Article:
Lasers are found in CD and DVD players, computer CD ROM drives and laser printers. Some toys are marketed as having lasers but these have generally been found to contain light emitting diodes (LEDs). However, these LEDs may also be subject to the requirements of the current British Standard on laser safety, BS EN 60825-1:1994. Laser pointers or pens have also found their way into the home. Some of these laser pointers have been found to be more powerful than is acceptable for unrestricted use. (Laser pointers information sheet)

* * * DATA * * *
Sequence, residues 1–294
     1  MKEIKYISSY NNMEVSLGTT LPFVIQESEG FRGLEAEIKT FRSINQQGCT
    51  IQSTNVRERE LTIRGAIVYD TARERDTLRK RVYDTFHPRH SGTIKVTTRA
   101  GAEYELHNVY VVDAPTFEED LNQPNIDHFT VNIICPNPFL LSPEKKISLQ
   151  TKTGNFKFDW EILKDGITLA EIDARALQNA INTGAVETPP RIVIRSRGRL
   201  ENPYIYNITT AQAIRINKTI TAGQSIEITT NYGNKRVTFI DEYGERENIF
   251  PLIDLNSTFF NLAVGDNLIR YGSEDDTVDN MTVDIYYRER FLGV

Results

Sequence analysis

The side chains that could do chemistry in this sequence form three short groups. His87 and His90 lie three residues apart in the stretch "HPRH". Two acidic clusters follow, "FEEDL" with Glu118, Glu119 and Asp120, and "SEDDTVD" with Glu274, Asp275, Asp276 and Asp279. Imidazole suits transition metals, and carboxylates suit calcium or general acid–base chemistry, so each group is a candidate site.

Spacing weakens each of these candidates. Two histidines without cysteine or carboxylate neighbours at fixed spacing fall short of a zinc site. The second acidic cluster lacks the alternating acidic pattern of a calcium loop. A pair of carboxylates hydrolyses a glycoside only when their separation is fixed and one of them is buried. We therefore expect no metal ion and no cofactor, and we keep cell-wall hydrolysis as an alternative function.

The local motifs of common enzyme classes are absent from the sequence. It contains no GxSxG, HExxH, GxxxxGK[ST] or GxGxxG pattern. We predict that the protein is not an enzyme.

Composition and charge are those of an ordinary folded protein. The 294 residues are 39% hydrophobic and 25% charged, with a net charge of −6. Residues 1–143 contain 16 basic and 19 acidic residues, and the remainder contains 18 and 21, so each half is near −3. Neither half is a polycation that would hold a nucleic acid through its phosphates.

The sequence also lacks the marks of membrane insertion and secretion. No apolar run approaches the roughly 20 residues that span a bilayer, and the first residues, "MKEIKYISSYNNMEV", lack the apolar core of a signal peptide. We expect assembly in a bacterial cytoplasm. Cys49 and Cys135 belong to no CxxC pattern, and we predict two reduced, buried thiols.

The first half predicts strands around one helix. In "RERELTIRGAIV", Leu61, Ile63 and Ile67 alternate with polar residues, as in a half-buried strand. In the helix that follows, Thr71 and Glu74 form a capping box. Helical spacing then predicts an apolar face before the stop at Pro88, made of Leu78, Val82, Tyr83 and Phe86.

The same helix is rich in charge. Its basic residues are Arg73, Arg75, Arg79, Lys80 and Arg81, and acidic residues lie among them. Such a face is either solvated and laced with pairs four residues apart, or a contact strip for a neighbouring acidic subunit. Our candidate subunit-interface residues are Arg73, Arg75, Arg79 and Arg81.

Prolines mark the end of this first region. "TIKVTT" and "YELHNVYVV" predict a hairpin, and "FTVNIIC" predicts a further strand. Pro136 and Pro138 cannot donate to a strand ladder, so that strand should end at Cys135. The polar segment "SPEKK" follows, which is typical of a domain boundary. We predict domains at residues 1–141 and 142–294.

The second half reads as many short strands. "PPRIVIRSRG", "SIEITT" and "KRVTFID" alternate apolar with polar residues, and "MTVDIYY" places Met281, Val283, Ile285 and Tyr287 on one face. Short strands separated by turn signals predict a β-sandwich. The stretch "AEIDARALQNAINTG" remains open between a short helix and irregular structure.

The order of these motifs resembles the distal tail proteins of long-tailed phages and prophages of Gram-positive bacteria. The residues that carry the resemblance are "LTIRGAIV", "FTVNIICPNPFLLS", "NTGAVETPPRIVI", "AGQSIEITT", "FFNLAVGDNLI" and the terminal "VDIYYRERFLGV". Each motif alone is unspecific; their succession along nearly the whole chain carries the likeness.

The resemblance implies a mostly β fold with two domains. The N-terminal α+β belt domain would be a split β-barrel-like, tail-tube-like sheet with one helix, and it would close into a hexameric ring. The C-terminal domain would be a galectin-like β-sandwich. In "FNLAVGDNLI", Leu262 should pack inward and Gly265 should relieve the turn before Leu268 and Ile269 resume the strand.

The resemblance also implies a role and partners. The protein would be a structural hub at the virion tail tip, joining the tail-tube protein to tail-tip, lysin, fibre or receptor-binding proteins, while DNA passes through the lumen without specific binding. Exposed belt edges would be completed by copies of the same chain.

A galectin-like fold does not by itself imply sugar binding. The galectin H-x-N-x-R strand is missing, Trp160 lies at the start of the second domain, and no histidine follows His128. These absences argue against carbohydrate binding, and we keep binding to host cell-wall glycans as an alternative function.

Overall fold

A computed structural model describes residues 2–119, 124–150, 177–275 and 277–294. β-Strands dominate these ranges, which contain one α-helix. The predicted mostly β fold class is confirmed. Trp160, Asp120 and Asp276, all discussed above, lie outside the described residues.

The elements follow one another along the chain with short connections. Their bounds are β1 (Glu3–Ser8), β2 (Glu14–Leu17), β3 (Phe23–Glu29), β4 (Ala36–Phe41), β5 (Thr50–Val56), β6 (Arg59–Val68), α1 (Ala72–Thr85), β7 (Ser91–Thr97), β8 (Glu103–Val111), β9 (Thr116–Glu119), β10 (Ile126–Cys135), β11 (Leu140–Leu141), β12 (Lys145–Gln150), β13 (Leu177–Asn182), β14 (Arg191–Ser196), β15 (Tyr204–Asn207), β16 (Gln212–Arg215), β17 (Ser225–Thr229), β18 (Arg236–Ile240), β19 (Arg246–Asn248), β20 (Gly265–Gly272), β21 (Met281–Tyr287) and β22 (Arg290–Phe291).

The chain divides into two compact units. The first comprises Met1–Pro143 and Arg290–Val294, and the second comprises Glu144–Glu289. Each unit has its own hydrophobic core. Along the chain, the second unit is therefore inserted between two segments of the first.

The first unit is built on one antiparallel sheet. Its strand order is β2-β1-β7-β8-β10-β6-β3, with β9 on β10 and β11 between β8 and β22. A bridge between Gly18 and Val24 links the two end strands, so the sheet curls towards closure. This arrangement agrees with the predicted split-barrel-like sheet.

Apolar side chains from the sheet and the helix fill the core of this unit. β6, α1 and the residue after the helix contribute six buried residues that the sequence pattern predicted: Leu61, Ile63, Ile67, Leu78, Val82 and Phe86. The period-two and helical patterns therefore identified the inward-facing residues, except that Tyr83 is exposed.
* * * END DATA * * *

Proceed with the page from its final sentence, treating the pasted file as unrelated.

Many laser tag games are well supervised and risk assessments have been carried out by the venues taking account of the age of many of the players. Most of the “guns” used in these games consist of a low power laser for effect and a light emitting diode (LED) which is similar to that used in a television remote control. It is this LED which sends signals to the receivers. It is necessary to consider the same safety issues as for any activity that may involve boisterous children. Many of the games are played in subdued lighting with fog effects and loud music. There are also a number of physical obstacles. Played sensibly and under reasonable supervision, the risks are probably acceptable.
Last reviewed: 4 September 2008